Specifically, CASANOVA stands for “CRISPR-Cas9 activity switching via a novel optogenetic variant of AcrIIA4.” Anti-CRISPR proteins are small proteins from bacteria-infecting viruses that are able to bind the CRISPR gene scissors. When bound, the gene scissors are blind and no longer able to reach their target sequence in the genetic material. This means the viral genome is protected from attacks by the gene scissors.
A team of researchers under Dr. Dominik Niopek, Group Leader of Synthetic Biology at the Institute of Pharmacy and Molecular Biotechnology and the BioQuant Center of Heidelberg University, and Dr. Roland Eils, Professor of Digital Health at Berlin Institute of Health (BIH) and Charité – Universitätsmedizin Berlin and Director of the Health Data Science Unit at Heidelberg University Hospital, modified anti-CRISPR proteins with the help of genetic engineering methods so that they could be switched on and off – with light. To do this, the researchers integrated a molecular light sensor from the oat plant into an anti-CRISPR protein. They then introduced the produced hybrid protein – called CASANOVA – into human cell cultures with the help of the CRISPR gene scissors.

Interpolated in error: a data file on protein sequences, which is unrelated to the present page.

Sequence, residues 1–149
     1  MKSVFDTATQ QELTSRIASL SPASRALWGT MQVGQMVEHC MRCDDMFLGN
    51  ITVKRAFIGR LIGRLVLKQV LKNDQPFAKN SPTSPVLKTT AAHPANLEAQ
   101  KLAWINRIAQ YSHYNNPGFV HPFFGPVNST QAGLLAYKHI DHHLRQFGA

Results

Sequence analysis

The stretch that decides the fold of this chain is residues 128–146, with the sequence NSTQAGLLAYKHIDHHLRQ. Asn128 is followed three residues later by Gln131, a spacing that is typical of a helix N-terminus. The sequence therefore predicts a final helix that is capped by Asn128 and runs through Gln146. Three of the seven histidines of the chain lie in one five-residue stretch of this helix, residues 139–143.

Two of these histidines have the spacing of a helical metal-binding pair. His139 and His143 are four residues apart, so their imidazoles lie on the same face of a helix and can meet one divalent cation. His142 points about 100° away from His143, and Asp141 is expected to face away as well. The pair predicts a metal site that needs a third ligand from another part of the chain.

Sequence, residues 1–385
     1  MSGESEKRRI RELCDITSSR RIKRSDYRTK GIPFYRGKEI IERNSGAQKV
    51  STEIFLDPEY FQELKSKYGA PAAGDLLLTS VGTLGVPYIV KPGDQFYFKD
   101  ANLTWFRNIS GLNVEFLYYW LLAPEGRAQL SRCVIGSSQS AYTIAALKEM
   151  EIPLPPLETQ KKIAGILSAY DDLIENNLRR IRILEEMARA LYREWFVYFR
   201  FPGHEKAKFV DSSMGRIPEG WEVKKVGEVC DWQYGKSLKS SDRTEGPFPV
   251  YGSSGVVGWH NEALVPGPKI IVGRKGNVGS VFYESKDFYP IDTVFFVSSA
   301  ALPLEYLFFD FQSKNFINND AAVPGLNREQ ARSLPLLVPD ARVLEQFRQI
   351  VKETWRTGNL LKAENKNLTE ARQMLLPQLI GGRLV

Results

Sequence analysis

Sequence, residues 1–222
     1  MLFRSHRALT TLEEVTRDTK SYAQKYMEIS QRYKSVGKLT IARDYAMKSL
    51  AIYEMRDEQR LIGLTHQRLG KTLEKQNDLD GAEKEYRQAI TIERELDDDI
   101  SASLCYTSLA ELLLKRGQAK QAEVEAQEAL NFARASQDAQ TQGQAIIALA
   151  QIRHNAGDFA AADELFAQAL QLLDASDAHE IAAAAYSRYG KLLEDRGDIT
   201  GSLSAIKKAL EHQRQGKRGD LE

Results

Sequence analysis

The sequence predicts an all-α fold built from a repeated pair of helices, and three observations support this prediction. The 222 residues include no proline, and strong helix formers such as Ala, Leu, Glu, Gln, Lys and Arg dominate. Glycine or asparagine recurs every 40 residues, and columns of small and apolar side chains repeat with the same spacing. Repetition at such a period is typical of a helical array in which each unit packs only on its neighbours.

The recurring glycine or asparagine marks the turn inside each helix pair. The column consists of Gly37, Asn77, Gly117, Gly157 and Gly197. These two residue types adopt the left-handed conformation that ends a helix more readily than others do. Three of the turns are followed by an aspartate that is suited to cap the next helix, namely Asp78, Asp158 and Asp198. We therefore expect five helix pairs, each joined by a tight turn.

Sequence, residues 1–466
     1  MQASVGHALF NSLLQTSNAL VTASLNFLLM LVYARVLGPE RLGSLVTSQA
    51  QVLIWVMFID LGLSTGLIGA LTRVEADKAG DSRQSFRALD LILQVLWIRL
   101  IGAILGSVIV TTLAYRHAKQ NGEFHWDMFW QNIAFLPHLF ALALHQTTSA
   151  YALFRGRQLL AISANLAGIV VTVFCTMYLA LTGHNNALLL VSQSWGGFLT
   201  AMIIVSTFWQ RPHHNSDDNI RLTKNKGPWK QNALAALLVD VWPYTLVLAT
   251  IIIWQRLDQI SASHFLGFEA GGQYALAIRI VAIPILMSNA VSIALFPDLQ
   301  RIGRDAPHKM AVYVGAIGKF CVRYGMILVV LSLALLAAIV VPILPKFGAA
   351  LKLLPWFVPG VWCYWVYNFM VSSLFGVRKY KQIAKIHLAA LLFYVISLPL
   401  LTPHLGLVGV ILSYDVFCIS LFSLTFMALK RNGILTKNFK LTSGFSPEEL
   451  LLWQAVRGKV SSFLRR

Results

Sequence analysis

“In the dark, CASANOVA efficiently binds to the CRISPR gene scissors, thereby switching them off,” explains Niopek. “But when blue light hits the protein pair in the cell, the romance comes to an abrupt end. The gene scissors are released from the anti-CRISPR protein, thereby becoming active.”
With their method, the researchers working under Niopek and Eils were able to selectively change the genome sequence in human cells through external illumination. CASANOVA has also made it possible to switch genes on and off at the touch of a button. The binding dynamics of the CRISPR gene scissors to their target sequence in the genetic material of living cells could even be followed live by the scientists under the microscope.
“CASANOVA is not only an innovative tool for basic research, for example, to study the interaction between the activity of genes and the behavior of cells. The method could also become relevant in the future for particularly precise therapies used to treat genetic diseases,” explains Eils.
“CASANOVA’s versatility and ease of use are key advantages over previous CRISPR-Cas9 control methods,” adds Felix Bubeck. Together with Mareike Hoffmann, a PhD student at the German Cancer Research Center (DKFZ), he conducted many of the crucial experiments in Niopek and Eils’ laboratory. Bubeck is a student in the Molecular Biotechnology Master’s program at Heidelberg University and co-first author of the publication.
Bubeck*, Hoffmann* et al. (2018): Engineered anti-CRISPR proteins for optogenetic control of CRISPR/Cas9. Nature Methods. DOI: 10.1038/s41592-018-0178-9